I could see half a dozen similarities in Anwar’s character and Pakistan’s characteristic as a nation. While Aditya represents a civilizational heritage that is compassionate, sensitive and defensive. Anwar, his antagonist, at first represents a torn limb, a ligament taken out of that structure that since antiquity assimilated everyone who came in her fold. It is like Aditya who wants to absorb and assimilate and carries no hatred within him even though he knows that it was Anwar’s ancestors who destroyed his temple. So when the transformation truly comes in the story for both, it is more in Anwar as he realizes the hatred that defines and engulfs him and why he has to throw it off to rescue what is left as a human in him.
“Will it ever happen to Indians and Pakistanis too, I wonder?”
I believe it will happen if Pakistan begins to understand why their nation came into being. It was not a birth that came out of genuine aspirations of a people or any legitimate grievance or injustice as nations are sometimes born out of as in Bangladesh. It was born out of a notion of inherent superiority secretly knowing that the Congress leaders of that time like Gandhi were demoralized after failure of Quit India movement and the likes of Nehru who secretly supported it because he knew he could only rule over Hindus and didn’t have either the spine or capability to rule over a Muslims as he saw them not listening to Gandhi.
The birth of Pakistan was also based on inherent idea of Muslim superiority over the Hindu population in the subcontinent that sooner or later they would conquer over the rest of India like their predecessors had done in history. If they had lived together it would have been disturbing for them to live under the notion and see its death knell. There was a guilt and fear inherent in the Muslims of India at that time and they didn’t want to introspect further than what Jinnah told them. Will they do it now?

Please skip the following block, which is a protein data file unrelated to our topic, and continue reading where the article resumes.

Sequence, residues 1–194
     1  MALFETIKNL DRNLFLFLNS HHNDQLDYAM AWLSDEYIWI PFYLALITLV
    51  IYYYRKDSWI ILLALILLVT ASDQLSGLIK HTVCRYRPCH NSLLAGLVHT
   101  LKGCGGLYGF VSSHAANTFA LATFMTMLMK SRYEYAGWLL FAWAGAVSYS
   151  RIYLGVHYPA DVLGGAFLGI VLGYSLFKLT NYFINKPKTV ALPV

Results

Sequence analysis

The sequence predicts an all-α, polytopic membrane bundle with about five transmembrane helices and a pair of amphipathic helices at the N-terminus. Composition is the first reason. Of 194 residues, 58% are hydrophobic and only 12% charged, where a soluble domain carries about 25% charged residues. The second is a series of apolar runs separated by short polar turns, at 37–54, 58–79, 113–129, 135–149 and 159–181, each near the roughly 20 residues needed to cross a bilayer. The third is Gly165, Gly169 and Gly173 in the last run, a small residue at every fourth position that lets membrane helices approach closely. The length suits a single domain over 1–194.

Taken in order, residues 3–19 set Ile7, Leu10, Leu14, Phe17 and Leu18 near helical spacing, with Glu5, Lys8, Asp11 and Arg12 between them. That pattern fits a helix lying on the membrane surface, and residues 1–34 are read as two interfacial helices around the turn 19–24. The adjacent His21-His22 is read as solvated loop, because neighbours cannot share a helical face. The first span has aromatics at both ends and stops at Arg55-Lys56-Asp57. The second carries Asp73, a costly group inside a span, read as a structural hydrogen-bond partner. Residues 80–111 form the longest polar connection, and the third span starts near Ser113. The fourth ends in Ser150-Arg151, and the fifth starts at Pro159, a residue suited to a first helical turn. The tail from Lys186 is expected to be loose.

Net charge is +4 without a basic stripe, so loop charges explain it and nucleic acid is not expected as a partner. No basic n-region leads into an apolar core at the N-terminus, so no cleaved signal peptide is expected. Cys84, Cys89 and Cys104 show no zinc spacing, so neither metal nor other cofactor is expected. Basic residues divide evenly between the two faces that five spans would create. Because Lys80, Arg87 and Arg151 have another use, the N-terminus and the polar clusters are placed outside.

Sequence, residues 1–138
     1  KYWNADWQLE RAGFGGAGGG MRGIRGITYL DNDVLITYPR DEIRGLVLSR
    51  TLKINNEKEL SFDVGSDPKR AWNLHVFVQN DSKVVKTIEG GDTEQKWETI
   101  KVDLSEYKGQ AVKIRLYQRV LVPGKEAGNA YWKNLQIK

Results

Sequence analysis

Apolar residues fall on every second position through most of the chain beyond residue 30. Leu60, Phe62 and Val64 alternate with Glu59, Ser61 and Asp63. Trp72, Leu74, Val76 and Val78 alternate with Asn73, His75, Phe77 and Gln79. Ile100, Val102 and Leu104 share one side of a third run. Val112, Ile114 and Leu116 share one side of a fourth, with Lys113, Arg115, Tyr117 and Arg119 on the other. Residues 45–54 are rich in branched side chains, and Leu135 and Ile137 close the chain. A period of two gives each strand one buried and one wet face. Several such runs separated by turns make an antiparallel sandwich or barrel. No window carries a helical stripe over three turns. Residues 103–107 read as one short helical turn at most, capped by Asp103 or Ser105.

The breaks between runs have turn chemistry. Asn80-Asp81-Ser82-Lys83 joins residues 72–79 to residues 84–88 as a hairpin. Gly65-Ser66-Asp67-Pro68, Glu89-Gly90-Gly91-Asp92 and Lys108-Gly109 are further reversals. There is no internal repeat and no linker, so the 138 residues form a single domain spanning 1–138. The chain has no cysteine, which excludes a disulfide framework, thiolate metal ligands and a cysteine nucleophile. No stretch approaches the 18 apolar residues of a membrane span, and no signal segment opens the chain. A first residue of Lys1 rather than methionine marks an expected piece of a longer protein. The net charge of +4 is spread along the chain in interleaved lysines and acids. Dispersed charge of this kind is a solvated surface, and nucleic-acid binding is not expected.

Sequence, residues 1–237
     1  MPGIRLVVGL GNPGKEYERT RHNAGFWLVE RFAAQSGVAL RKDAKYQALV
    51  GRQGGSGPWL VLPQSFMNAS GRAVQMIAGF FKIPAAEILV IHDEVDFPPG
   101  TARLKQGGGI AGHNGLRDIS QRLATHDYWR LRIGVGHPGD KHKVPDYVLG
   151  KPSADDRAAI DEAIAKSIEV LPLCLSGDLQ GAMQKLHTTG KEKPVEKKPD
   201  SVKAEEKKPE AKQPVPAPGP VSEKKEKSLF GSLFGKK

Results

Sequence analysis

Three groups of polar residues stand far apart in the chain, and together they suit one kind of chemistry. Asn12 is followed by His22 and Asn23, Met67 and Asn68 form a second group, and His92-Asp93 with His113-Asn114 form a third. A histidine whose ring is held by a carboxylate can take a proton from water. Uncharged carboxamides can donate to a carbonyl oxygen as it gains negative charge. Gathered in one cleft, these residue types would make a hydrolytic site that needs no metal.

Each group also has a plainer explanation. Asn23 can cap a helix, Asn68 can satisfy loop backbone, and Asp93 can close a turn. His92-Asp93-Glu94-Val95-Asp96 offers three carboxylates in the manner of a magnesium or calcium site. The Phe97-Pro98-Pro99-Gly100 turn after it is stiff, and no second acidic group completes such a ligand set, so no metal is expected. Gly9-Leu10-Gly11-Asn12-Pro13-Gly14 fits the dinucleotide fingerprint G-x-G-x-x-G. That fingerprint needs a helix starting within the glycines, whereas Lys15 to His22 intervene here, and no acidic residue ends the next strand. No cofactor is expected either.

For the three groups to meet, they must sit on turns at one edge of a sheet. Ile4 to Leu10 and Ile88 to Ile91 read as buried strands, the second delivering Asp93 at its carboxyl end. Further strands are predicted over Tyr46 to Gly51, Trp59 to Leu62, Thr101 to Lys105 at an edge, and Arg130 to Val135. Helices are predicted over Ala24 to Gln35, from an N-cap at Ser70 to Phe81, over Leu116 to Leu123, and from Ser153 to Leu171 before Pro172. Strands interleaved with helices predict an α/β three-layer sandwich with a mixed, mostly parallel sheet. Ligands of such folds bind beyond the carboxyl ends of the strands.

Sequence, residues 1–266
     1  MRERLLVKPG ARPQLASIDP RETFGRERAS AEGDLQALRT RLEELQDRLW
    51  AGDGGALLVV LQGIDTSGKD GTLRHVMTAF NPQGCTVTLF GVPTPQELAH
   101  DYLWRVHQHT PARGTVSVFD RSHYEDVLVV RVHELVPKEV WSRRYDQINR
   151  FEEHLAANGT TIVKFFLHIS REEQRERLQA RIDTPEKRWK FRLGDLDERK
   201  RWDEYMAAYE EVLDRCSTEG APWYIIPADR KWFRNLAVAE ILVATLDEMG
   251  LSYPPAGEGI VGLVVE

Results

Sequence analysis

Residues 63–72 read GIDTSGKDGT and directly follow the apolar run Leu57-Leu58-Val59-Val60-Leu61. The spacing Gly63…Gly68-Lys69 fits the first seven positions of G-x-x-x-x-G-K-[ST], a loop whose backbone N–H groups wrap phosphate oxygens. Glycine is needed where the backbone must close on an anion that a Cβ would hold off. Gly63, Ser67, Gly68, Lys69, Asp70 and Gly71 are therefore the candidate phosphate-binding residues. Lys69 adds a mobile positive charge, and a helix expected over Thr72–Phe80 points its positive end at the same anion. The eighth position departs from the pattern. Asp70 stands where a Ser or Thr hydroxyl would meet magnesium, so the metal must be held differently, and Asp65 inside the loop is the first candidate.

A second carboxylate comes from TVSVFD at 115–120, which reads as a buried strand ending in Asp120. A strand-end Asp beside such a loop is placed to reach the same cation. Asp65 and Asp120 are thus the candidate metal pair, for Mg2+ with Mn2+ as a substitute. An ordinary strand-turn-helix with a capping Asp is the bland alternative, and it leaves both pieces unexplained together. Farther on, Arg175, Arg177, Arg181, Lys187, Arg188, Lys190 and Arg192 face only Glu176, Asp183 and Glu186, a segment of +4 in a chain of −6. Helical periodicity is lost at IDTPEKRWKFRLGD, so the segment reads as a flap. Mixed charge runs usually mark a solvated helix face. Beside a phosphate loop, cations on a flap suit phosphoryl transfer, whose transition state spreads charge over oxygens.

While having ruled over a race for centuries, it is not easy to think of living with them as equals, coexisting under the same roof but knowing that the deepest civilizational values of Hindus has been absorption and assimilation.
Lastly, the division of our motherland into two parts was sudden and one that led into an utter chaos and bloodshed. Hindus have been used to the notion of separation throughout their existence through many concepts like Maya, Anitya or the impermanence of everything that helped them to cope with the onslaught on their civilization. That is why perhaps they have been able to undergo painful separations and emerged not so scathed after centuries. They saw their cities, their homes burnt down, temples destroyed and whole populations uprooted or made into slaves. It is one that is permanently ingrained in our psyche now.
For the Muslims of Pakistan, the separation has been far more difficult than it has been for Hindus because of this hatred for the latter. They could never adapt to that change and transition that their neighbors could undergo. The Muslims of Pakistan needed India to exist and survive themselves. They know it and that is where their deepest anxiety and guilt lie. They needed the non-believers of India to be at war with in order to justify their existence. They have created no other reason, no deeper and higher values that are necessary for the birth and existence of a nation. Without the ‘infidel’ that they ascribe to India as an entity, they are a nobody and will cease to be.
Indians of today have grieved over the partition and moved on from that point, albeit slowly. Not Pakistan and its people. They are still searching for a reason to exist and justify their existence while living in denial, in a half schizoid world where their heroes are ones like Mohammed Ghori, the invader and the killer, Taimur, the bloodthirsty emperor and destructive zealots who hated and tried to destroy the Indian civilization. They revel in their glory forgetting they were all a blur on humanity.
Today, Pakistan is a humiliated nation in the eyes of the world. It will remain so till its people look inwards and decide to change the very script that defines its existence. I pray it happens sooner than later for the sake of peace in the world.